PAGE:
Greece is heading to early general elections- The third and final parliamentary vote for the election of a new President failed to yield the required majority
The third and final vote in Greek Parliament for the election of a new President of the Hellenic Republic that took place earlier today, failed to yield the required 3/5ths majority i.e., 180 “yes” votes. Specifically, the presidential nominee secured 168 in favor votes, exactly the same number as was the case in last week’s second round, i.e., 155MPs of the coalition government + 13 independent MPs including two former Golden Dawn parliamentarians. The number of no (i.e., “present” ) votes totaled 132; 121 attending lawmakers from opposition parties as none of them broke the official party line + 11 independent MPs.
According to Article 32, paragraph 4 of the Constitution of Greece, should the third round of vote fail to secure the needed majority for the election of a new President, Parliament will have to be dissolved within ten days and general elections will be called. A Presidential Decree dissolving the Parliament and officially calling for national elections is reportedly expected to be issued tomorrow (Tuesday, December 30) . As per Article 53, paragraph 1 of the Constitution, general elections must be held within 30 days from the dissolution of Parliament and the new Parliament is required to convoke in regular session within another 30 days. Speaking to reporters shortly after the conclusion of today’s parliamentary procedure, Greece’s Prime Minister Antonis Samaras commented that “we did all we could to avert early elections which entail serious dangers” adding that snap elections will likely be held on January 25, 2015. On his part, Alexis Tsipras, the President of the main opposition party SYRIZA, expressed his satisfaction with the outcome of the vote in Parliament adding that it is “an historic day for Greek democracy” and that “the future has begun”.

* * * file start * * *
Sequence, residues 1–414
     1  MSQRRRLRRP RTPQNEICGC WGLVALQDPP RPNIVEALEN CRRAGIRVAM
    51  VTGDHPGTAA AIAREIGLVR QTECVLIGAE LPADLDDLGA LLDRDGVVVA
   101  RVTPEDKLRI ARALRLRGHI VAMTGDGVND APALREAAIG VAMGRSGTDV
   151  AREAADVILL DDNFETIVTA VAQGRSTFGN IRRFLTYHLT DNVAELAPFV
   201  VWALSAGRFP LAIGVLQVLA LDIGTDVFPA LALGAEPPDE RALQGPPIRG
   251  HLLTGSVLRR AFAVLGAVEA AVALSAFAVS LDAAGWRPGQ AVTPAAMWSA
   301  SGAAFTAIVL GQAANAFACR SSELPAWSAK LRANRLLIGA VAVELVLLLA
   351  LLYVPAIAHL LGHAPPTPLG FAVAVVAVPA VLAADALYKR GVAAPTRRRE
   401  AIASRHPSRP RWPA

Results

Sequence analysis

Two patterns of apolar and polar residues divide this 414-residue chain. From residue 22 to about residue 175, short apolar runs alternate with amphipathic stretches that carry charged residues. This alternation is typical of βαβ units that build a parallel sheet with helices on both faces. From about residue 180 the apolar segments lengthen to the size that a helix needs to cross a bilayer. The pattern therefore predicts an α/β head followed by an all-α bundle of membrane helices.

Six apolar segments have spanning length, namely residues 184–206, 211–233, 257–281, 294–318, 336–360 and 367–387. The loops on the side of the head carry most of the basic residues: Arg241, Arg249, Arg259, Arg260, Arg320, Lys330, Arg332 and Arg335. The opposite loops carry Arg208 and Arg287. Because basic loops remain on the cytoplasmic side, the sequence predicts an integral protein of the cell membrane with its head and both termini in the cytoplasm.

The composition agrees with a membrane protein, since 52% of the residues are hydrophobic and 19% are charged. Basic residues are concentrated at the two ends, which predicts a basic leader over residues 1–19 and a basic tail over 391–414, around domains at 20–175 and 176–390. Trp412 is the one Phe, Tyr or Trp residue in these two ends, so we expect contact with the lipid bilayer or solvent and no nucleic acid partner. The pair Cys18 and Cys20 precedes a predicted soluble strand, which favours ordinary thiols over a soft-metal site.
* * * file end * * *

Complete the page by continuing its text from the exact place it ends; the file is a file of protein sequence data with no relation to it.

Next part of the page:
As per Article 32 of the Constitution, as soon as the new Parliament convenes, it will have to proceed with the election of the new President, again through three separate votes. In the first one, a 3/5ths majority of the total number of parliamentarians is required. Should it fail to secure the required majority, the ballot must be repeated within five days with the election of the presidential nominee now requiring an absolute majority i.e., 50%+1 or 151 of total seats. If the latter also fails to yield a decisive outcome, a third one must take place within five days, with relative majority now required for the election of the new President.